The Day I Died
AN: Not many people can actually say they remember the day they died. I can. It was my Wedding Day. An I don't mean death in the literal sense.
Summary: Your Wedding Day. Supposedly the happiest day of your life? For me, it was terror and the day I very nearly died inside.
All names of people and places have been changed. The only thing unchanged is my name and my new last name. Italics symbolise thoughts.
By: Hindi Sparkling Diamond
The Day I Died
That was the only emotion that my brain was able to register right now.
A sickening terror that was stored right in my stomach making me feel sick with my fear.
What if he doesn't like me? What if I don't like him? What if he doesn't find me attractive? What if he's ugly? What if he expects me to have children straight away? What if he doesn't want any? What if …
Two words. What and if were replaying themselves over and over in my fuzzled mind as I stood in front of a floor length mirror. My eyes tightly closed.
I jump visibly upon hearing my mothers voice softly call my name. My name. I always hated it as a child. Too complex and ugly I thought. But many back home in England had commented on it, on how wonderfully exotic it sounded. If they liked it so much why didn't they take it?
I give a simple response, as if I cannot manage a full word or sentence. I do not wish to speak more, nor do I wish to open my eyes. Maybe if I do not, maybe if I cannot see myself I can pretend this is not happening.
"Open your eyes, Aishwarya."
Why?!I yell at myself. All I will see is myself dressed in the chains that shall lead me to my Wedding prison. Bitter thoughts rush through my mind, words I would never dare speak to my mother. I'm only nineteen! Inside my head I scream myself hoarse, but I can feel her glare burning through the back of my head. So was she. So was mother when she married. A sombre voice comes from nowhere inside my head, before my mother speaks again.
"Aishwarya Syal this Wedding has been planned since you were no more than a baby. It has cost you father countless thousands. You could at least open your eyes."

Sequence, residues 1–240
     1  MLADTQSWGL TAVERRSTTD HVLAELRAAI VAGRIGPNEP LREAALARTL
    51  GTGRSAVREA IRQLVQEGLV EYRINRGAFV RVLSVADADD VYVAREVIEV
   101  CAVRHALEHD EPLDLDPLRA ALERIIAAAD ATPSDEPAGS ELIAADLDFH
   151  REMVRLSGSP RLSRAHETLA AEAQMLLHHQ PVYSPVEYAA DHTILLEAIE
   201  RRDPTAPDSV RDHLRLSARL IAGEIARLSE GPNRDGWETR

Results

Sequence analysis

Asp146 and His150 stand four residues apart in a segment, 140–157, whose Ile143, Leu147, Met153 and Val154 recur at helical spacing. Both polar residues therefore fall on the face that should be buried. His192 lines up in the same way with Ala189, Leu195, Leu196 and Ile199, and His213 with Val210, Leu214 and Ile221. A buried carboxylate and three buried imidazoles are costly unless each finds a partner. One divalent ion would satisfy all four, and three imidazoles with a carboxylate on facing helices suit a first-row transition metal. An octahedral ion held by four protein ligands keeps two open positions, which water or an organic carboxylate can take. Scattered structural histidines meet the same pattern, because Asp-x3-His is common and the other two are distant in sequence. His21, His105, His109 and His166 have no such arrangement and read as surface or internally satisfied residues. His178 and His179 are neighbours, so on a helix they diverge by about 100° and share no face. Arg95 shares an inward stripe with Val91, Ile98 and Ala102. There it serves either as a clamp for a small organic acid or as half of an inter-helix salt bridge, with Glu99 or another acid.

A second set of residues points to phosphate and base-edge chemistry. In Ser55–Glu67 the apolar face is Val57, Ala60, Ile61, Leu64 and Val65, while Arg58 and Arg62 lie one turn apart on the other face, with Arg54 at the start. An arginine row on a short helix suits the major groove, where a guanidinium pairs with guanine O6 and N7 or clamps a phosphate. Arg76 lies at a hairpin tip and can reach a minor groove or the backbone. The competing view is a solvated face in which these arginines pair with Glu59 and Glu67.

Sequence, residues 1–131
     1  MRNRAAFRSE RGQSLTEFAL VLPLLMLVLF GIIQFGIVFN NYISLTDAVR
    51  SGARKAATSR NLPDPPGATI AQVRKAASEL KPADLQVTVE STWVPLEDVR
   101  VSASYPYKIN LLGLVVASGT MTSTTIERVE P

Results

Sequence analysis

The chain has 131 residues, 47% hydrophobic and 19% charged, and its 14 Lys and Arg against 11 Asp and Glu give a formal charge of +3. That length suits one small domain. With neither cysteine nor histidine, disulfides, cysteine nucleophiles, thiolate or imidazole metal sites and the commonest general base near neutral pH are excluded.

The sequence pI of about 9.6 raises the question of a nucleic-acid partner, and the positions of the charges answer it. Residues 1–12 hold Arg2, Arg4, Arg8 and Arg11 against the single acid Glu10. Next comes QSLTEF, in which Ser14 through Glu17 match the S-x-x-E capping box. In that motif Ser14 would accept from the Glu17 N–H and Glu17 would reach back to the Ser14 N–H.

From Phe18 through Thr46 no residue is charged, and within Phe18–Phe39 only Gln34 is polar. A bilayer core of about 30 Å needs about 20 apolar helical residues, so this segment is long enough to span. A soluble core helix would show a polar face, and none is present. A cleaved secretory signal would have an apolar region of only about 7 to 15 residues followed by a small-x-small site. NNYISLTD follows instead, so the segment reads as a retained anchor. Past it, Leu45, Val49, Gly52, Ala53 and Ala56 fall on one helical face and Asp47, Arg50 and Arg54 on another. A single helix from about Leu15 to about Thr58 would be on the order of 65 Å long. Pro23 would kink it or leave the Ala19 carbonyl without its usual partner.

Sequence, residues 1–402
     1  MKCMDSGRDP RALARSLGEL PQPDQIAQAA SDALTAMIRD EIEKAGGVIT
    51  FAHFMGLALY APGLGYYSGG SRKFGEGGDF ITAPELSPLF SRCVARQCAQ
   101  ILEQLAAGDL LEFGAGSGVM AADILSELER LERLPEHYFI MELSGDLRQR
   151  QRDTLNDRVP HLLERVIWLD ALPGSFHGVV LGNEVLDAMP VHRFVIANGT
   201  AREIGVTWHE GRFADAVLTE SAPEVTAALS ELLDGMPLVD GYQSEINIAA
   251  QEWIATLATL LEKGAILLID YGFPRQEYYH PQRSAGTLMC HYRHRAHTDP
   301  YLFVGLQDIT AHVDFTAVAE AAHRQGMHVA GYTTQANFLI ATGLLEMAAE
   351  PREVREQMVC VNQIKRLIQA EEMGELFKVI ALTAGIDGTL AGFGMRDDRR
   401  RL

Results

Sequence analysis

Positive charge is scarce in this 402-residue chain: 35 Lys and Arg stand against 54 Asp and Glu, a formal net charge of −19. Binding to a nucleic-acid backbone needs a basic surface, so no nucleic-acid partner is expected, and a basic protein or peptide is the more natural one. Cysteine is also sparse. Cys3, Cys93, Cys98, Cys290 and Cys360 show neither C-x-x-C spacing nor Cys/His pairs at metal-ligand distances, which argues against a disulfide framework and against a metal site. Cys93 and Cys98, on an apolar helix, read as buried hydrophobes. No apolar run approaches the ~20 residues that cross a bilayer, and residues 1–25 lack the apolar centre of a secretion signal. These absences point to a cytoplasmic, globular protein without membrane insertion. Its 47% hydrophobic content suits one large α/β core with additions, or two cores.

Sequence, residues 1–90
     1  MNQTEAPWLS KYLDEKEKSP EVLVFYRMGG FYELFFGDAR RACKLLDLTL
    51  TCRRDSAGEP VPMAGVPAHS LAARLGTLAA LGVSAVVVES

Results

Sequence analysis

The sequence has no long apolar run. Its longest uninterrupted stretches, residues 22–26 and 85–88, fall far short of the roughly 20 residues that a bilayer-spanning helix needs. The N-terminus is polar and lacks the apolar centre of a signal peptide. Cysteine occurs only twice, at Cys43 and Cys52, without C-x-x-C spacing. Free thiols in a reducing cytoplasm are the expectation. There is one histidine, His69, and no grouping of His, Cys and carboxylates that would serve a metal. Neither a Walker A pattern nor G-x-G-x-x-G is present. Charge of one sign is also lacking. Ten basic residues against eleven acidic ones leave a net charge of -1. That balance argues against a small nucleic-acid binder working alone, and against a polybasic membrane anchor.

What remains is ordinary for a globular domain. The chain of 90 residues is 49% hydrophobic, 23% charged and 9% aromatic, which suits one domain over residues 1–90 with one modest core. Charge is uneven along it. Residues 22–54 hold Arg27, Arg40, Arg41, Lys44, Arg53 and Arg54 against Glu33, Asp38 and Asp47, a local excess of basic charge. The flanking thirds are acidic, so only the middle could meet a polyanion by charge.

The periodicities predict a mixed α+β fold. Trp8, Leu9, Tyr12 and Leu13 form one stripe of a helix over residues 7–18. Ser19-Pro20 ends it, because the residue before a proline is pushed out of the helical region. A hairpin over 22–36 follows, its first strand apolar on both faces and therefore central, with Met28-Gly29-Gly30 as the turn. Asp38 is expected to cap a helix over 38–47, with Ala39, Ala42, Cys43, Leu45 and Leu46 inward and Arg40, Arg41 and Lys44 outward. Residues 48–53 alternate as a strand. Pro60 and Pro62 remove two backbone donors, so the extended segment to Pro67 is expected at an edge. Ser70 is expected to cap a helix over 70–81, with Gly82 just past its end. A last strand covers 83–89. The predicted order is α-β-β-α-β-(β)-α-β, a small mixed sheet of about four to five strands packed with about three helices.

Her tone is quietly scolding, working to hit that little spot in my heart that controls shame.
And it works.
I pray to Krishna that all I see is myself dressed normally. My eyes flitter open to face the bright room, and for a moment I am blinded by the flood of light. As my eyesight slowly returns I see my prayers went unheeded.
I am dressed in a full length dress made from a luxurious golden fabric, intricate red embroidery dances across the skirt, forming beautiful flowers decorated with real crystals. A deep scarlet trim runs along the bottom, three inches up, the same material covering my bust in a square, low neckline, but not too low of course. I have the family honour to uphold.
The short sleeves are trimmed with the gold embroidered fabric of the skirt. A beautifully delicate silk sari is draped in the usual manner by the waist and over the right shoulder. That is gold and decorated with tiny red rose buds and gold and clear crystals. Trimmed with red embroidered lace.
Around my neck is a thick gold necklace gifted from my future husbands family, matching ear rings hang contentedly from my ears.
My long black hair is pulled away from my face a high plaited ponytail wrapped around itself to form a bun. With golden silk strands woven in, faux flowers are gracing the back of the bun.
My eyebrows were defined and shaped by 'threading' a week ago, and look sleek, thin and razor sharp, my eyes are decorated with heavy shimmering gold and bronze shadow and my lashes, false of course, sweep up dramatically, a tiny crystal on each tip.
A bangle rests a little way beneath my left elbow, on each hand I wear a gold bracelet, attached to a ring on my centre finger by gold chain. Intricate mehndi (henna) designs wrap there way around hands and fingers, sliding a little way down wrists, applied two days previous by an aunt and cousin. I stare down at my right hand, to my eyes the name of my betrothed, 'Manjeet' is clearly incorporated into the design of flowers and creeping vines, as is the tradition.